Saturday, October 8, 2011

You Live in a New World

 Watch this absolutely inspiring video about the Social Media Revolution:

The internet is the new town square, and the whole world goes there to find out what's happening. What does this mean for writers? I can't say for sure, but I think in the future it will be less about how much money your publishing company pours into your book's ad campaign, and more about how much your readers love your story--love it enough to facebook, blog, and tweet about it.

I think I'll go sign up for twitter now.


  1. Oh, wow. This was impressive and thought provoking.

    Friday, my school district had a teacher inservice day in which several sessions focused on the use of social media in teaching.


    How long will it take "the establishment" to catch up?

  2. Thanks for the comment, Dianne. Too bad about your school network situation. Revolutions don't always happen overnight.

    This is a short version of this video. In the longer version there was a clip about how on-line students are performing better than classroom students. I've told my children that by the time their kids are old enough for school, public school might be on the internet! Having done a bit of home schooling myself, I'm all for it (so long as we can all get together some place for recess).

  3. I think the world is already as you describe it and has always been. Social networking can speed up word of mouth, but it can also provide new advertising venues - I know a lot of people who swear by Facebook ads, for example.

    But all the promotion in the world won't move a bad book. Publishers lose that gamble all the time, while word of mouth can take a small print run and turn it into a global sensation, e.g. Harry Potter and Eats, Shoots, and Leaves. The last one was from a tiny publisher and is technically a textbook. And there are older examples too, such as A Civil Action.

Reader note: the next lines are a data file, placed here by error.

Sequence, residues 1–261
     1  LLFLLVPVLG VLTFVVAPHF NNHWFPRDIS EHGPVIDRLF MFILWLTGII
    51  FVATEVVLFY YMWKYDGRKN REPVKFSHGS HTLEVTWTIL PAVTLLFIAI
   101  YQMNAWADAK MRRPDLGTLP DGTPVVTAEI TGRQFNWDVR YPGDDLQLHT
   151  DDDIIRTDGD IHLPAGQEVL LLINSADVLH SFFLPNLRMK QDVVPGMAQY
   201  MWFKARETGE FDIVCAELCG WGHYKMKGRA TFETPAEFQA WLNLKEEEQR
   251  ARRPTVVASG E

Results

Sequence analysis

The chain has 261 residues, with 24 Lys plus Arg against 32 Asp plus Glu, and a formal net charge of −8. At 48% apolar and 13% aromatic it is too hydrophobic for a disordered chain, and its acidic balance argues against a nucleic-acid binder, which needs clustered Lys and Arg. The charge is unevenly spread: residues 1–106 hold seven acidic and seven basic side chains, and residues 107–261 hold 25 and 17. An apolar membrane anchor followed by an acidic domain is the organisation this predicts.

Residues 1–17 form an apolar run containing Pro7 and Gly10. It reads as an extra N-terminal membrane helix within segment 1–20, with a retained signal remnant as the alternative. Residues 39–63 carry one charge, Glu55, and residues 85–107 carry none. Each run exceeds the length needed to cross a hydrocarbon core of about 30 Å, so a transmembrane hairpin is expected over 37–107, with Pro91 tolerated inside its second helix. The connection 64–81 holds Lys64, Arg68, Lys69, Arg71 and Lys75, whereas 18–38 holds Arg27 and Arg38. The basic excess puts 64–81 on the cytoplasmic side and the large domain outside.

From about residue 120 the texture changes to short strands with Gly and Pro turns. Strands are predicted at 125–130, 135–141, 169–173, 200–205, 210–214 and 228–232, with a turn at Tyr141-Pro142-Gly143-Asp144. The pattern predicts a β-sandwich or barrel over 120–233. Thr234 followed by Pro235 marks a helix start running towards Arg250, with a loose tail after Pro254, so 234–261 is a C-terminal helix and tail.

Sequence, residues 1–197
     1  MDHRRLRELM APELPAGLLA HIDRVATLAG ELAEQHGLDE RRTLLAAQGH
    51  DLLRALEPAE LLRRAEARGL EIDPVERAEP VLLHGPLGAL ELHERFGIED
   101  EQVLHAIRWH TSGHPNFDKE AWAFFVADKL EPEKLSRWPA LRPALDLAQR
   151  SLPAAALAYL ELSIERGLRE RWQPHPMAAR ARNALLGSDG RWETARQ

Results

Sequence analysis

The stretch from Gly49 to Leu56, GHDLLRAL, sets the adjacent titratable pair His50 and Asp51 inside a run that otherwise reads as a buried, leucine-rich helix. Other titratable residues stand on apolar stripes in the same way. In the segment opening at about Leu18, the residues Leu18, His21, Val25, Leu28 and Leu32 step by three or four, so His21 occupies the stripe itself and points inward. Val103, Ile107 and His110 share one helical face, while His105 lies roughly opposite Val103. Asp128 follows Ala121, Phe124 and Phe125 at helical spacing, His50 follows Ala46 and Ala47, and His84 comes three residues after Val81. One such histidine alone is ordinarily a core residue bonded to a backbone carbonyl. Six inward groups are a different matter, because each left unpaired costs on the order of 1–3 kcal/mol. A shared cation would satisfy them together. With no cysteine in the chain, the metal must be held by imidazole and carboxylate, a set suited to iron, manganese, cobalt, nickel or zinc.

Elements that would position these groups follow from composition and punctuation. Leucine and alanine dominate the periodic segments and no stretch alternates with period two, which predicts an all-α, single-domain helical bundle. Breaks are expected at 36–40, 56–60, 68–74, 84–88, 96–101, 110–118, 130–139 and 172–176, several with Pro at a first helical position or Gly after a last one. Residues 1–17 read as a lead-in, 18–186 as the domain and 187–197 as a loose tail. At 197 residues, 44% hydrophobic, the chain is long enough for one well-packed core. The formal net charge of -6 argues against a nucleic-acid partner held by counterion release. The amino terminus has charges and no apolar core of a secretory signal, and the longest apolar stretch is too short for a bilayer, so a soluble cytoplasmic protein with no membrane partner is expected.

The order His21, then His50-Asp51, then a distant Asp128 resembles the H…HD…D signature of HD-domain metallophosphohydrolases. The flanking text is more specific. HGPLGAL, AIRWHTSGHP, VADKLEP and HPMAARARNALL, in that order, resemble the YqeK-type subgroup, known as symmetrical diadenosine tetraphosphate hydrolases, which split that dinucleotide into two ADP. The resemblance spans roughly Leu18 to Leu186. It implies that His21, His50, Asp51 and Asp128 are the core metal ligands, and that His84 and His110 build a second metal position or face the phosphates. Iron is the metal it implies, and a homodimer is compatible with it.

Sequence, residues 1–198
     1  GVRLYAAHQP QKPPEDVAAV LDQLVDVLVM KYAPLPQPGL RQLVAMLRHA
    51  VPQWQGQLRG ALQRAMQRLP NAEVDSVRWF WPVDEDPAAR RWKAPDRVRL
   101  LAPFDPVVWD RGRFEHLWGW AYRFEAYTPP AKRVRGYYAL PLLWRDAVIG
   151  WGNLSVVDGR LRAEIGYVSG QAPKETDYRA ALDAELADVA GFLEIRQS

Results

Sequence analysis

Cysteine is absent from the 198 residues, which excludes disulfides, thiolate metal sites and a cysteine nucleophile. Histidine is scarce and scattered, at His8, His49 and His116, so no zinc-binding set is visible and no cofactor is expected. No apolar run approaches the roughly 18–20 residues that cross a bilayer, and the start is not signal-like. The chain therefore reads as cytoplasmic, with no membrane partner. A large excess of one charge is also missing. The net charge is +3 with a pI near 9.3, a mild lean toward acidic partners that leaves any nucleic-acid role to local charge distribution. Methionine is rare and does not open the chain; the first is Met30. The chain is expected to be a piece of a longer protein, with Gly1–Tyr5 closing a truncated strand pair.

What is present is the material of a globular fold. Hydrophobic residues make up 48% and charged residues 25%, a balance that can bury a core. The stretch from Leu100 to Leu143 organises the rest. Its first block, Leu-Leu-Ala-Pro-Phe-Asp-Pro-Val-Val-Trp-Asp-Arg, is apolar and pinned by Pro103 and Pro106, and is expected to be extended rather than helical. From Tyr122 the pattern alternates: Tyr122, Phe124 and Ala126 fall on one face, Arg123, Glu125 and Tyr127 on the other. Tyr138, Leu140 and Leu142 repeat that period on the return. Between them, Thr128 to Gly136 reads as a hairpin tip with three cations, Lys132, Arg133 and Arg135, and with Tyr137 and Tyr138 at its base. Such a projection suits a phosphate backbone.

Many of the most successful writers I know personally also happen to be the most responsive to their fans by answering emails and appearing at conventions. That alone hasn't ensured their success, but I suspect it's been every bit as beneficial as paid promotion by their publishers.

  4. OK, that Babu Yetu song has been playing in my house forever - the kids discovered it online somewhere, searched the web to find sheet music for the piano and now the 10 year plays it incessantly.

    The. World. Has. Changed.

  5. Very true, Emily, which is how I excuse my general internet reclusiveness - I don't have much time for self-marketing, I'm working on product excellence and hoping the product, once excellent, will sell itself.

    And Sue, I think my favorite part about the video clip is the soundtrack. Anything would seem epic and awesome with that song underscoring it.

  6. My older kids will back the video up. So much is done through social networking nowadays. But it's so hard to join up when you've grown up another way. Sigh. I'm oh so slowly toughening up and getting with it, but I have to do it one media at a time. Thanks for the video. It really puts the importance into clear perspective.

  7. That is rather sobering. Sigh, I guess I have to get better at facebook, twitter, and every other social medium out there. Ack!

  8. Oh, you can link them all up so that everything you tweet goes on FB and Google Buzz or whatever. All of my blogposts go to my FB feed. All of my jewelry design FB posts go on Twitter, and then everything from Twitter goes on Google Buzz. I could have them even more connected so that I only input things in one place. I just do too many types of things for that to make sense for me.

    BTW, those of you who aren't on Goodreads, get on Goodreads! That's a very good social network for writers, as it's full of readers. And you can have it synched with your blog, twitter, and FB if you want. My author page pulls in my blogposts and sends out tweets automatically.


What be on yer mind?